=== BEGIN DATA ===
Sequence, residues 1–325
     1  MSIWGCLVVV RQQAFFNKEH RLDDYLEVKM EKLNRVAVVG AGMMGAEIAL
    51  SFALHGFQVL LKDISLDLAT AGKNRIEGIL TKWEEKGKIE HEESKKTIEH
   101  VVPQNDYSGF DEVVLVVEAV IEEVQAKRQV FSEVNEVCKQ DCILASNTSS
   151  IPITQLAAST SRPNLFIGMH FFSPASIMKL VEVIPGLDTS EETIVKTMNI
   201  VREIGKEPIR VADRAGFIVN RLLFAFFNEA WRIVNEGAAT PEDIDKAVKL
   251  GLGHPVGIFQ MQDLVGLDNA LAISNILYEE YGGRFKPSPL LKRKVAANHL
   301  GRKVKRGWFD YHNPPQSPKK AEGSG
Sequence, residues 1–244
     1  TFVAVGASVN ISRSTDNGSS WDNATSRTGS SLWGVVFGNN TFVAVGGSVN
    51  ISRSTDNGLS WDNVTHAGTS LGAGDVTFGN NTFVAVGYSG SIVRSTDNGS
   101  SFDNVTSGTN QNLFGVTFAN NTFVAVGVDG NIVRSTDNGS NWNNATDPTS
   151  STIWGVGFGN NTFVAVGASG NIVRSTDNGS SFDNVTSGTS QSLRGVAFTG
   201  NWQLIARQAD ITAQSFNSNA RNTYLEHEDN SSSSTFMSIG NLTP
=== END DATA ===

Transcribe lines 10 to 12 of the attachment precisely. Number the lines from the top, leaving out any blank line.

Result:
     1  TFVAVGASVN ISRSTDNGSS WDNATSRTGS SLWGVVFGNN TFVAVGGSVN
    51  ISRSTDNGLS WDNVTHAGTS LGAGDVTFGN NTFVAVGYSG SIVRSTDNGS
   101  SFDNVTSGTN QNLFGVTFAN NTFVAVGVDG NIVRSTDNGS NWNNATDPTS